This was to provide me with the basis of the whole work. This sound has a symbolic power for me and represents my psychological response to sites and spaces.
More particular, this sound has become, for me, a symbol of those themes that informed my earlier work: making a connection with memory, the ephemeral, and disappearance.
The first piece to use this effect is “Another World” from the album “Syzygy”, and features my first collaboration with guitarist and CGI expert Andrew Curry, who was to later collaborate with me on the music film “Liquid Stability”.

I also heard Ashley Franklin has supported you for a long time as well…
That’s correct Ashley Franklin did much to widen the net in his days with the BBC at Radio Derby in the 90’s and his ongoing work through his internet radio station.
But more than that, he lent his weight behind a number of projects, the most notable being the commission to compose the incidental music for the Derby Shakespeare production of “The Tempest” in 2002 to mark the 70th anniversary of Cornwall’s Minack Theatre.
In addition, there’s Graham Getty, who’s an invaluable support both as a discerning listener and talented technician. He recently moved almost my entire catalogue over to the site often redesigning the artwork for these releases. It is thanks to Graham that there has been an upsurge of interest in my work this year.
You see even here there is a trilogy.. (laughs)

Michael, you also spent some time at Dartington College of Performing Arts during the 2000’s…
Yes. Thanks to the time spent at Dartington College of Performing Arts, a former sector of Plymouth University, I spent more time critically analyzing my practice.

The postmodern deconstructionist theoretical ethos of this institute challenged me to delve deeper into my practice and hone my skills as a composer and, strangely, performer. Until then I had never performed my work before an audience and, I have to say, the experience, whilst enjoyable, didn’t exactly lead to a career on the road. Instead it gave me the opportunity to consider the nature of performance and the notion of what constitutes “live” music.

One of the biggest disappointments of my earlier life was attending a Tangerine Dream concert and being bored out of my mind. I couldn’t help thinking at the time that I would rather have stayed at home and listened to their albums than watch three ageing Germans twiddle their knobs before an adoring public. To this day the rock concert with attendant arm swaying mindlessness (not to mention cigarette lighter waving contraventions of Health and Safety regulations) strikes me as banal and even worse puerile. Even classical concerts make me twinge with embarrassment with all that endless clapping and flower offering….Rant!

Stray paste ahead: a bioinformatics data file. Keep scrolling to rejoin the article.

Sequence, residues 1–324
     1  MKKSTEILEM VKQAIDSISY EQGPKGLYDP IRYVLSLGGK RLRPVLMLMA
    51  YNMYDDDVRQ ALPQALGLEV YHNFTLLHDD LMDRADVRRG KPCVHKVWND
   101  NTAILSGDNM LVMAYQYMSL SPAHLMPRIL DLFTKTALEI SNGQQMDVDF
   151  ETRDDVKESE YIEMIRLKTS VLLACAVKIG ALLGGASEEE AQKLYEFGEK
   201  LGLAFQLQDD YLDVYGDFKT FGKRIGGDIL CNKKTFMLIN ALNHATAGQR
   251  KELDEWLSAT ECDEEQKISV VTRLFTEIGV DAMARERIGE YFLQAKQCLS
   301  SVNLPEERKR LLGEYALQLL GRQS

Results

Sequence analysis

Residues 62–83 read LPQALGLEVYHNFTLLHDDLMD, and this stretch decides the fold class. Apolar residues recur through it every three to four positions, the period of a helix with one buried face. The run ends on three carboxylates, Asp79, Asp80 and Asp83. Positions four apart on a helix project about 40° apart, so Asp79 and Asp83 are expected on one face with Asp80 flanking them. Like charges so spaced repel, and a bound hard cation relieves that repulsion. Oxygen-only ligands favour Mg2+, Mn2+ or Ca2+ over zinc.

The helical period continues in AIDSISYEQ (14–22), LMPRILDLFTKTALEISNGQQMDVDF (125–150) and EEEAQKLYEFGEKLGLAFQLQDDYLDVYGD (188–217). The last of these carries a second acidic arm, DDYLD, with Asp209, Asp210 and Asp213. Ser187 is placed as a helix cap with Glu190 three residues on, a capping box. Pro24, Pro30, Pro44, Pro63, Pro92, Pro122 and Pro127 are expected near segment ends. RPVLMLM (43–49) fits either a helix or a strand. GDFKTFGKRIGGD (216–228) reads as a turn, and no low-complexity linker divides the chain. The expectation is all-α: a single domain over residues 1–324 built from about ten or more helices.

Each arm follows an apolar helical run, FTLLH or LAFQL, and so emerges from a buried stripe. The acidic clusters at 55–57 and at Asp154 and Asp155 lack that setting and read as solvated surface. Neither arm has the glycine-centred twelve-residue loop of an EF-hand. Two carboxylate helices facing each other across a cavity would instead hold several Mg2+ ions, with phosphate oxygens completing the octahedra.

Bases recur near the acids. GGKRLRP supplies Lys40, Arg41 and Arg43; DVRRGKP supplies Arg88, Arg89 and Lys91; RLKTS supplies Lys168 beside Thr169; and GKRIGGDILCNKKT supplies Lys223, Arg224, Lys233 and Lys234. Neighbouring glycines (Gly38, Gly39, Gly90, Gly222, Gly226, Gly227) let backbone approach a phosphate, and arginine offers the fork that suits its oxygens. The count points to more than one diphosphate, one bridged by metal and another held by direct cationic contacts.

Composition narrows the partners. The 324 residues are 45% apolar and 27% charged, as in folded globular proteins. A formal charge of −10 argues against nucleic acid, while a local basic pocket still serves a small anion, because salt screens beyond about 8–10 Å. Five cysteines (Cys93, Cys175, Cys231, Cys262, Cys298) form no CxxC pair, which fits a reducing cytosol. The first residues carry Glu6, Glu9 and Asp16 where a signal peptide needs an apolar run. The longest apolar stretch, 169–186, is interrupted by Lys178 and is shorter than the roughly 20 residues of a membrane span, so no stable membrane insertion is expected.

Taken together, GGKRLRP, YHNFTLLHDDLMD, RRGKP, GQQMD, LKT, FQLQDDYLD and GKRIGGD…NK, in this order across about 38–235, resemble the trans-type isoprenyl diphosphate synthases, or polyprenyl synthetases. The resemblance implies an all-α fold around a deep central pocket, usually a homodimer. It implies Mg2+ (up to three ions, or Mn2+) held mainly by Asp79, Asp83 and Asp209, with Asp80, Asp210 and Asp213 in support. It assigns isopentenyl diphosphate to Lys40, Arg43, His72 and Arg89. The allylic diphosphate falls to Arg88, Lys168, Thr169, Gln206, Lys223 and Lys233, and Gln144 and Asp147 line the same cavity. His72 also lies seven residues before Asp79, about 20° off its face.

The TD experience lent much to my decision not to play concerts. This was confirmed when Jean Michel Jarre started covering up for his lack of musical ideas by staging increasingly spectacular shows. However, to everlasting joy John Dyson beautifully sent this up in his hilarious performance at the KLEM Dag in 1991. This single event, for me, was the pinnacle of live synth music performance.

It was also around this time that I began to feel adrift in the EM scene. I personally never enjoyed most of the music and never really felt much a part of the scene. My ideas and approach were increasingly out of step with my “peers”.
I was listening to 20th century post war avant-garde, minimalist and Electro Acoustic music and by the mid 90’s I was able to set about composing my own music in earnest when I began to build my own studio ‘The Sphere Suite’.
The idea of moving my gear from one gig to another filled me with dread. So I resolved to be a recording “artist”. This was also a period of self imposed solitude, which led to a substantial output between 1996 and 2001.

Dartington, however, challenged me regarding performance. Despite performing as part of my degree, I was still unconvinced as to its viability in terms of my work and even before my studies I was trying to find new ways of bringing electronic music to an audience that would excite and stimulate without resorting to cliché.

Coincidentally, I was approached by a former Dartington student as far back as 1995, who used my work for her experimental film entry into the Celtic Film Festival. We discussed the possibility of creating a sound/film and exhibition installation involving film projection on a cloud base.
Another project involved a sculpture artist friend and the same film maker, with sound installation at the Minack Theatre. The fact that none of these materialized is irrelevant: what it shows is that I was already thinking along the lines of performance definition.

So did anything else materialize from that period?
One project that did emerge from this time was “Abstract in Aspic” – a soundtrack to a 30-minute time lapse film of deteriorating block sculptures. The film never happened but the music is available on my site.

The solution finally came when I performed a pre-recorded electro-acoustic piece as part of my undergraduate degree. The performance of this genre of music is called “sound diffusion” and it was this practice that provided me with the solution to performing my own work.
The resulting piece, “Conception”, is available on the recording “Electronic Works Volume 1” from my download platform on MusicZeit.

I heard you also visited the COMA festival in Doncaster in 2006..